My last piece of advice is that focus matters. In my experience, great senators focus on one or two issues. For example, former senator Sharon Carstairs is one of the greatest senators I’ve ever known, and she became an international expert on palliative care. I picked up on women’s rights issues and climate change, which informed the committees I worked on and the studies I promoted. From women’s equality, it wasn’t a far leap to equality in general and marriage equality. Then came sponsoring Bill C-16 on transgender rights, which was undoubtedly the most significant and fulfilling thing I worked on.

As a senator from Alberta, what should Canadians understand about your province and how has it shaped your work as a senator?

The people of Alberta are kind: they respect and care for their neighbours. There is a sense of alienation that ebbs and flows in the national discourse, but the people of Alberta care deeply about Canada and issues other Canadians care about, like the environment. They are highly industrious, work hard and measure their contribution to Canada in terms of their economic success. They are just really good people who want to make their province and this country a better place.

What are your priorities in the next chapter of your life?

My wife Teresa and I have three sons, who all live in Vancouver. Our grandson also lives in Vancouver. You’d know him if you bumped into him on the street because he is the most beautiful baby you’ve ever seen. We love Edmonton and had a wonderful life there, but Edmonton-Ottawa-Ottawa-Edmonton became increasingly a long way away from our children. I’ve been away a lot in my life, and that’s haunted me. So we’ve moved to British Columbia and are living a five-hour drive from Vancouver in the Okanagan Valley. It’s where my mother is from and where my parents met, so I have roots here.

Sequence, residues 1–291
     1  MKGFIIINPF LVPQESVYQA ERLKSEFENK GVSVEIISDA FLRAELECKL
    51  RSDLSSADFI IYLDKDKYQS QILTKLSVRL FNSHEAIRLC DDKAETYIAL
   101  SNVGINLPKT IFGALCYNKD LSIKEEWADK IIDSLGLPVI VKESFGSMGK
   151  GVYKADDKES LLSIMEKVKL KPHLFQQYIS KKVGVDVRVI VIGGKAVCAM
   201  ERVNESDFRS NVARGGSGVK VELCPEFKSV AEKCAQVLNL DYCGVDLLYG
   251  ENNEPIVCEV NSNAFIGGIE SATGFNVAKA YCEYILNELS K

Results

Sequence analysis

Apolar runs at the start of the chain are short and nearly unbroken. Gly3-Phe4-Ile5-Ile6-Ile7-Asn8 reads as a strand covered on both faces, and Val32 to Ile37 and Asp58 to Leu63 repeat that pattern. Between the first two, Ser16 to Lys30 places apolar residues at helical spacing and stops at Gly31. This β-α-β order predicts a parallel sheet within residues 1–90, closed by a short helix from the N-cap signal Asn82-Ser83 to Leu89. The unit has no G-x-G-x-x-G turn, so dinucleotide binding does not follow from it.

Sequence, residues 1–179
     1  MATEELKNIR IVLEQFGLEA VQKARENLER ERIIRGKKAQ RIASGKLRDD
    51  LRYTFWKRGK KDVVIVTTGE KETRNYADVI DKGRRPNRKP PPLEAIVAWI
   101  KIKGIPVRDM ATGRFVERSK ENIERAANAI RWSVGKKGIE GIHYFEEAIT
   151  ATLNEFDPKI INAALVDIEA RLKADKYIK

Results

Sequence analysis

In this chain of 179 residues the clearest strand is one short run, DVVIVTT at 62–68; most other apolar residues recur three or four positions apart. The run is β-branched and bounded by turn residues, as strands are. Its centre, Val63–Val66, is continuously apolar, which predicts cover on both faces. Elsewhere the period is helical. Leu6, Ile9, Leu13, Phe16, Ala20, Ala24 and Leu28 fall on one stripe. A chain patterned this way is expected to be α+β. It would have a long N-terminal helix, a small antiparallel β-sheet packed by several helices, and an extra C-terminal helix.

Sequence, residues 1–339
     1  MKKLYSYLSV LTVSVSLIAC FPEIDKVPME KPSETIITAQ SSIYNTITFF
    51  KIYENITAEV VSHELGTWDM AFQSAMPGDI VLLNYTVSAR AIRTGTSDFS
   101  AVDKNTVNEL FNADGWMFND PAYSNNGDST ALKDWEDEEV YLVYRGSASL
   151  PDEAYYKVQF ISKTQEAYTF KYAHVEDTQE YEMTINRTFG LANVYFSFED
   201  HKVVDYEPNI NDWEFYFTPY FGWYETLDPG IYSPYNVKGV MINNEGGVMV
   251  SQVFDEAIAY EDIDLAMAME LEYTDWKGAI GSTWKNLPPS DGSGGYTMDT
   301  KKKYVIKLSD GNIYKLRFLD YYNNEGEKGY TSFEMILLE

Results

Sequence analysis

I also want to get fit again. I’ve done Ironman Triathlons in Penticton, B.C. and Hawaii. I’ve run, swum and cycled thousands of kilometres. I want to feel well and be fit. In fact, I’m going out for a ride right after this!

Senator Grant Mitchell stands in the Senate Chamber in Centre Block.

Senator Grant Mitchell on a fact-finding mission in Afghanistan with the Senate National Security and Defence Committee in 2008.

Senator Grant Mitchell, right, meets participants at a women’s vocational program in Afghanistan with other members of the Senate’s defence committee.

Senator Grant Mitchell talks about the Senate’s work with students in Edmonton during a SENgage event.

Senator Mitchell visits the Library of Parliament in Centre Block with his grandson. (Photo credit: Greg Kolz)

Cycling, swimming and fitness are all priorities for Senator Mitchell as he starts a new chapter in B.C.’s Okanagan Valley.